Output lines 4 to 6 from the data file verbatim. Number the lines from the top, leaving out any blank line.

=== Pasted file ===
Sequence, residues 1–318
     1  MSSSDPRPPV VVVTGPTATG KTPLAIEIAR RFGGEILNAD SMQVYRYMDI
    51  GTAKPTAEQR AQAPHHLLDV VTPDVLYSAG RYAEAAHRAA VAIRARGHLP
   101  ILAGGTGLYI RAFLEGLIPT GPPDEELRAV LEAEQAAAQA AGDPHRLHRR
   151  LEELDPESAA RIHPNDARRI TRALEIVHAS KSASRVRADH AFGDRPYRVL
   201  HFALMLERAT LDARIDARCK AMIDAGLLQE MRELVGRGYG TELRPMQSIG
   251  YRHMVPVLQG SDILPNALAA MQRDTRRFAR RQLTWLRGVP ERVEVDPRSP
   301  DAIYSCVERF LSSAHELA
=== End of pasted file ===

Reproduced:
   101  ILAGGTGLYI RAFLEGLIPT GPPDEELRAV LEAEQAAAQA AGDPHRLHRR
   151  LEELDPESAA RIHPNDARRI TRALEIVHAS KSASRVRADH AFGDRPYRVL
   201  HFALMLERAT LDARIDARCK AMIDAGLLQE MRELVGRGYG TELRPMQSIG